Dutch Malacca

Kota Melaka
Dutch City and Fort of Malacca

De Stad en Kasteel Malacca
Dutch colony

Flag Coat of arms
Malacca, shown within modern Malaysia
Capital Malacca Town
Language(s) Dutch, Malay
Political structure Colony
 - 1641–1642 Jan van Twist
 - 1824–1825 Hendrik S. van Son
British Residents
 - 1795 Archibald Brown
 - 1803–1818 William Farquhar
Historical era Imperialism
 - Established 14 January 1641
 - British occupation 1795–1818
 - Relinquished to the British according to the Anglo-Dutch Treaty of 1824 1 March 1825
Dutch Malacca, ca. 1724–26

Dutch Malacca (1641–1825) was the longest period of Malacca under foreign control. The Dutch ruled for almost 183 years with intermittent British occupation during the Napoleonic Wars ( 1795–1818 ). This era saw relative peace with little serious interruption from the Malay kingdoms due to the understanding earlier on forged between the Dutch and Sultanate of Johor in 1606. This time also marked the decline of the importance of Malacca. The Dutch preferred Batavia (present day Jakarta) as their economic and administrative center in the region and their hold in Malacca was to prevent the loss of the city to other European powers and subsequently the competition that would naturally come with it. Thus in the 17th century, with Malacca ceased to be an important port, the Johor Sultanate became the dominant local power in the region, due to the opening of its ports and the alliance with the Dutch.


Dutch conquest of Portuguese Malacca

The Dutch Square, with Christ Church (built in 1753) (left) and the Stadthuys (right).

In the early 17th century, the Dutch East India Company (Verenigde Oostindische Compagnie, VOC) began the campaign to destroy Portuguese power in the East. At that time, the Portuguese had transformed Malacca into an impregnable fortress (the Fortaleza de Malaca, controlling access to the sea lanes of the Straits of Malacca and the spice trade there. The Dutch started by launching small incursions and skirmishes against the Portuguese. The first serious attempt was the siege of Malacca in 1606 by the third VOC fleet from Holland with eleven ships, led by Admiral Cornelis Matelief de Jonge that lead to the naval battle of Cape Rachado. Although the Dutch were routed, the Portuguese fleet of Don Martin d'Alphonso de Castro, the Viceroy of Goa; suffered heavier casualties and the battle rallied the forces of the Sultanate of Johor in an alliance with the Dutch and later on with the Acehnese.

The Dutch with their local allies assaulted and wrested Malacca from the Portuguese in January 1641. This combined Dutch-Johor-Aceh efforts effectively destroyed the last bastion of Portuguese power, removing their influence in the Malay archipelago. As per the agreement with Johor in 1606, the Dutch took control of Malacca and agreed not to seek territories or wage war with the Malay kingdoms.

Administration of Malacca

Malacca was controlled as a colony of the VOC. All the chief administrators of Malacca were Dutch governors except for the brief period that the city was under British Residents during the Wars of Napoleon. The governors and residents list is as follows:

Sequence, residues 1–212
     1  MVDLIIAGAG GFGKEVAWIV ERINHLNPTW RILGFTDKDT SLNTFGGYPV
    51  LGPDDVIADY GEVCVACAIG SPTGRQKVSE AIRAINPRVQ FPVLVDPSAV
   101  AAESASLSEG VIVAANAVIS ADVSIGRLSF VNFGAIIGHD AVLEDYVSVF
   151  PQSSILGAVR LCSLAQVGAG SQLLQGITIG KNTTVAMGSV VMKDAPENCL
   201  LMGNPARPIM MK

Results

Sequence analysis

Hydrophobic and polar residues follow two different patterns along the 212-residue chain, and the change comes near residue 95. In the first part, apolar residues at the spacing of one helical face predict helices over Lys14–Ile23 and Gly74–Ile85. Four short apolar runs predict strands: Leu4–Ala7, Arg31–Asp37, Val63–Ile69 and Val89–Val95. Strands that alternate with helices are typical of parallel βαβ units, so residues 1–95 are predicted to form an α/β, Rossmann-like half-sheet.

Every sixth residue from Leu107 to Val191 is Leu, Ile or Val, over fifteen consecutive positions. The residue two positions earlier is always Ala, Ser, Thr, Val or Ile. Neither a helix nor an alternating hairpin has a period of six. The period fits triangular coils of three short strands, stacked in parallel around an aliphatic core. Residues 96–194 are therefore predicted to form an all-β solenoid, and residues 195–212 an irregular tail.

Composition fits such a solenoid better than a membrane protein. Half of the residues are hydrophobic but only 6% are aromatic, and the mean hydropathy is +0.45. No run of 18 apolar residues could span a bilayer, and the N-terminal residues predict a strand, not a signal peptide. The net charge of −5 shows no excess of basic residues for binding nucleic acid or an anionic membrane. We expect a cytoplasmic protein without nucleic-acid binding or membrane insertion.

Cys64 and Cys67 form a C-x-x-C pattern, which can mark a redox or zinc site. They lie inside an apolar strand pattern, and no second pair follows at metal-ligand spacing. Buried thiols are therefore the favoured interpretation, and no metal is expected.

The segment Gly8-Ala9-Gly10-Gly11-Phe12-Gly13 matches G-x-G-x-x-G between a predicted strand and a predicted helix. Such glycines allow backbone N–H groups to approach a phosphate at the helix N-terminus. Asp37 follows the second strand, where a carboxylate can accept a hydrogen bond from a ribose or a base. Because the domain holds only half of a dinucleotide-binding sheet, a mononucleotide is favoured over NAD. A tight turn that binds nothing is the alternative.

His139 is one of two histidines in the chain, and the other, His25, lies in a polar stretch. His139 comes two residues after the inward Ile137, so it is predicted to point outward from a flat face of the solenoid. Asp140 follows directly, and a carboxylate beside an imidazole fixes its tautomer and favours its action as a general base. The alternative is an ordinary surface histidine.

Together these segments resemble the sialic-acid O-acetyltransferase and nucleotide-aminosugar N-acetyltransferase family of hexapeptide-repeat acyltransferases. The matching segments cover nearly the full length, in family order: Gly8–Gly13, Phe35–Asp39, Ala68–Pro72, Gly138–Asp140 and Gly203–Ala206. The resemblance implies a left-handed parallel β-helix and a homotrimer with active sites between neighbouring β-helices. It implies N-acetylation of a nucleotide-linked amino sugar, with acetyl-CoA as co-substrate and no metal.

Governors of Malacca

Dutch graves in the ruined St Paul's Church, Melaka
Ruins of a Dutch fort.
Flag of the Dutch East India Company.svg
Governors of Dutch Malacca (1641–1795)
Governors From Until
Johan van Twist 1641 1642
Jeremias van Vliet 1642 1645
Arnout de Vlamingh van Oudtshoorn 1645 1646
Jan Thyszoon Payart 1646 1662
Jan Anthonisz van Riebeeck 1662 1665
Balthasar Bort 1665 1679
Jacob Joriszoon Pits 1679 1680
Cornelis van Quaelberg 1680 1684
Nikolaas Schaghen 1684 1686
Dirk Komans (1st time) 1686 1686
Thomas Slicher 1686 1691
Dirk Komans (2nd time) 1691 1692
Gelmer Vosberg 1692 1697
Goevert van Hoorn 1697 1700
Bernhard Phoonsen 1700 1704
Johan Grotenhuys (acting) 1704 1704
Karel Bolner 1704 1707
Pieter Rooselaar 1707 1709
Willem Six 1709 1711
Willem Moerman 1711 1717
Herman van Suchtelen 1717 1726
Johan Frederik Gobius 1726 1730
Pieter Rochus Pasques de Chavonnes 1730 1735
Roger de Lavez 1735 1741
Willem Bernard Albinus 1741 1748
Pieter van Heemskerk 1748 1753
Willem Dekker 1753 1758
David Boelen 1758 1764
Thomas Schippers 1764 1771
Jan Crans 1771 1775
Pieter Gerardus de Bruijn 1775 1788
Abraham Couperus 1788 1795

British occupation

Flag of the United Kingdom.svg
British Residents of Malacca (1795–1818)
Residents From Until
Archibald Brown 1795 1795
Thomas Parr 1795 1796
Richard Tolson 1796 1797
David Campbell 1797 1798
Aldwell Taylor 1798 1803
Willem Jacob Cranssen -Dutch Governor 1802
William Farquhar 1803 1818

Restoration to the Dutch

Flag of the Netherlands.svg
Governors of Dutch Malacca (1818–1825)
Governors From Until
Jan Samuel Timmermann Thijssen 1818 1822
A. Koek (acting) 1822 1824
Hendrik Stephanus van Son 1824 1825

Stad en Kasteel Malacca

The town and fortress of Malacca (1780)

The Dutch improved and expanded the Portuguese fortress and built walls to protect the harbor and expanded city. During their rule the famous city hall or Stadthuys was also constructed, which still stands today.


  • De Witt, Dennis (2007). History of the Dutch in Malaysia. Malaysia: Nutmeg Publishing. ISBN 9789834351908. 

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